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Guinea junta’s new democracy pledge
Guinea’s acting ruler has promised to restore civilian rule and made clear that military leader Moussa Dadis Camara will be out of action for some time after an assassination bid – raising questions over whether Camara will return from hospital in Morocco.
Although Sekouba Konate did not explicitly declare that he had taken over from Camara, his pledge to create a national unity government with opposition figures has effectively sidelined Camara and made him the key player in the junta for now.
The timing of the move is significant, coming little more than a day after Konate visited Camara in a Moroccan hospital and then went on to hold talks with U.S. and French diplomats in Rabat who encouraged him to begin a transition to civilian rule.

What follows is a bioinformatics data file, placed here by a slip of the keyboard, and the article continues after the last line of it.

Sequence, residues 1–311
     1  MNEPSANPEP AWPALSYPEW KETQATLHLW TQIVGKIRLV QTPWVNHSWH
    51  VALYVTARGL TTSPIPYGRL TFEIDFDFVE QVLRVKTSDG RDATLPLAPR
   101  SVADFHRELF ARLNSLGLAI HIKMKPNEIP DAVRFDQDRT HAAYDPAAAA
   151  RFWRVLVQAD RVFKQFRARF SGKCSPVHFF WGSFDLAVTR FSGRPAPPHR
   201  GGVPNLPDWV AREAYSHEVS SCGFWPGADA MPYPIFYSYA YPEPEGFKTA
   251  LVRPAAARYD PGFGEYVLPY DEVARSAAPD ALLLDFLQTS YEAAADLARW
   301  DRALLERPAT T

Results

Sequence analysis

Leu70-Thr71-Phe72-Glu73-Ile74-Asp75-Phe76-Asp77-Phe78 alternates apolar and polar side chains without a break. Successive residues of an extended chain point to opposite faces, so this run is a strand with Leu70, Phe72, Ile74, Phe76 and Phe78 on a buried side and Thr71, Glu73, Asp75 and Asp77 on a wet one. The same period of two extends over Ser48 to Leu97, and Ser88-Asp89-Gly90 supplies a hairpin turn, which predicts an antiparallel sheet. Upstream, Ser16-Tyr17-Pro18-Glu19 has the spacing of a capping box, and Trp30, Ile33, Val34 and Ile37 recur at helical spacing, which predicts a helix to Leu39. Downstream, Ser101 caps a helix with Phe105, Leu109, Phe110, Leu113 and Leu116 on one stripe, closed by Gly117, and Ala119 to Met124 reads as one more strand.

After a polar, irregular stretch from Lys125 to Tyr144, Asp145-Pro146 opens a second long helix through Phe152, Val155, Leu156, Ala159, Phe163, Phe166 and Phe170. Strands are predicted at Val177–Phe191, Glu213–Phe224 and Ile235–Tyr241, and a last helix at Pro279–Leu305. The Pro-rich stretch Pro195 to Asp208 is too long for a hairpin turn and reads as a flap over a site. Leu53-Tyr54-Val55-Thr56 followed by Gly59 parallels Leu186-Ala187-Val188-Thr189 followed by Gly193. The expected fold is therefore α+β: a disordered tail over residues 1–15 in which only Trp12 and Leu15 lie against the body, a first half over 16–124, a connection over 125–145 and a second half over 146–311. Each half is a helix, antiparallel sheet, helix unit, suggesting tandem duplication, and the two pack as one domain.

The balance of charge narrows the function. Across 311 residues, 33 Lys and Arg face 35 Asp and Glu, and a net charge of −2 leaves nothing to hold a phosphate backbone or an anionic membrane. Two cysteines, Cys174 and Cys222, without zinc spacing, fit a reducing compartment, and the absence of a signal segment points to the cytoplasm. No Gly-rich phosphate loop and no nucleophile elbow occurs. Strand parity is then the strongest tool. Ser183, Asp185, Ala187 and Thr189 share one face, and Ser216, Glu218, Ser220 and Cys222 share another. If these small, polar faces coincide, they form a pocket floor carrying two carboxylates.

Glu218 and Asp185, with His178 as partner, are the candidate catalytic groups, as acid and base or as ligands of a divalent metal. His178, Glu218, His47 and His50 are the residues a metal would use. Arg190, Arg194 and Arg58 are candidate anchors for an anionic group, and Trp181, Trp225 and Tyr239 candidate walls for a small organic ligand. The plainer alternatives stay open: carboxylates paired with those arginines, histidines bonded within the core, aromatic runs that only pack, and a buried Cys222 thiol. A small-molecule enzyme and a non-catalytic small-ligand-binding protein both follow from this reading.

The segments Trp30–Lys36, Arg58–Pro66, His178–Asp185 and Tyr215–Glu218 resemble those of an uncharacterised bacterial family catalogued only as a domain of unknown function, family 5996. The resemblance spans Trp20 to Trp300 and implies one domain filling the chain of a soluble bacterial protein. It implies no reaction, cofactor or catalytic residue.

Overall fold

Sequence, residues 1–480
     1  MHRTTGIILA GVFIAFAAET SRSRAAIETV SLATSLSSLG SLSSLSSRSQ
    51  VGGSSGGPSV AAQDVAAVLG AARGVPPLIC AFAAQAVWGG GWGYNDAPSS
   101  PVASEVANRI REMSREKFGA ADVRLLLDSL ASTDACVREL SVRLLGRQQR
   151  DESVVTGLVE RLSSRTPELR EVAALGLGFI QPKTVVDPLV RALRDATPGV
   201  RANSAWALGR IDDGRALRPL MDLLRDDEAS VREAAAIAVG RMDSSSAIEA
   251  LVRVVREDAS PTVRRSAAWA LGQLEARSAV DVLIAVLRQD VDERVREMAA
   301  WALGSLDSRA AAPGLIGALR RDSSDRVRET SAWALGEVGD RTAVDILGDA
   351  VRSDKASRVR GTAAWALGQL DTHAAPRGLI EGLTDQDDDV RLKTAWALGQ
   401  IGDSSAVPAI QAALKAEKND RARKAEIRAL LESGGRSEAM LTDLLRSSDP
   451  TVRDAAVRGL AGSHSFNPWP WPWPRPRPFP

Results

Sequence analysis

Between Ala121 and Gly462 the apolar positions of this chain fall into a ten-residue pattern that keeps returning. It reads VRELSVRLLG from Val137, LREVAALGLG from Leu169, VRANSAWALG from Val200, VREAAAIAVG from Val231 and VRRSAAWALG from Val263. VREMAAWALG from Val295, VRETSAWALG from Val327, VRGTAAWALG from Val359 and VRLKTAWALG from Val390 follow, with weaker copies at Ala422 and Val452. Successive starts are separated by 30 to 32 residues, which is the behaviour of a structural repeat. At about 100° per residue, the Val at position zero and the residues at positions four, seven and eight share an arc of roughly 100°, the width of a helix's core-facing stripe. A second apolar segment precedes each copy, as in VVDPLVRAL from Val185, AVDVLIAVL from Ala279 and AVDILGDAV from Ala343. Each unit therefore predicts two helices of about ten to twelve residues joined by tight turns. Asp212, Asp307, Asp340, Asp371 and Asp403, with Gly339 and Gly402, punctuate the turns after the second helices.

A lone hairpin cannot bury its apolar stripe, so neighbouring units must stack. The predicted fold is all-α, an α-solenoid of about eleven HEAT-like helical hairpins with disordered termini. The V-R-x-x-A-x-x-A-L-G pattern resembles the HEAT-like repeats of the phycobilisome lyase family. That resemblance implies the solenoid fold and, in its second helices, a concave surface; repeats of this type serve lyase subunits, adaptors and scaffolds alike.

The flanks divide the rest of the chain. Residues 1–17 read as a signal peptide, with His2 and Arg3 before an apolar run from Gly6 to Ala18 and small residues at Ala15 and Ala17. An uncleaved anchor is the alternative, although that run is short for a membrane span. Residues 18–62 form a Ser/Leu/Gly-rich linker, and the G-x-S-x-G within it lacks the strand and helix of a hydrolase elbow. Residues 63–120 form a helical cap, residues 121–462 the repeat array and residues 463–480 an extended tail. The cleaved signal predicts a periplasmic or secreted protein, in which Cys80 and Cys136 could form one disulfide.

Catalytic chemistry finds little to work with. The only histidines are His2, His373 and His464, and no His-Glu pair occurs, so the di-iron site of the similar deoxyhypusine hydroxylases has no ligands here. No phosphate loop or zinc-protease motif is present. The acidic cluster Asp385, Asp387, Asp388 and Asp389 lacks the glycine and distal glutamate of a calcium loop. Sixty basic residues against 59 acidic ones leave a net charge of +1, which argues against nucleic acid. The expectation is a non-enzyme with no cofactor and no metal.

But a healthy slice of caution is required.
Although Konate is a professional soldier who has not shown any personal political ambition, he is a junta stalwart who has enjoyed the trappings of power and whose democratic credentials have yet to be tested.
He promised to retire from the scene if no longer needed – a pledge reminiscent of Camara’s early vows that his rule was only temporary.
The threat of a counter-coup from within Guinea’s unruly army can never be ruled out. The prospect of a return to civilian rule will in particular alarm those soldiers who took part in mass killings and rapes on September 28 last year and might face justice over the atrocities which brought down global condemnation on the junta.
What chances are there now of Guinea bringing in civilian rule and averting what some fear could be a descent into chaos?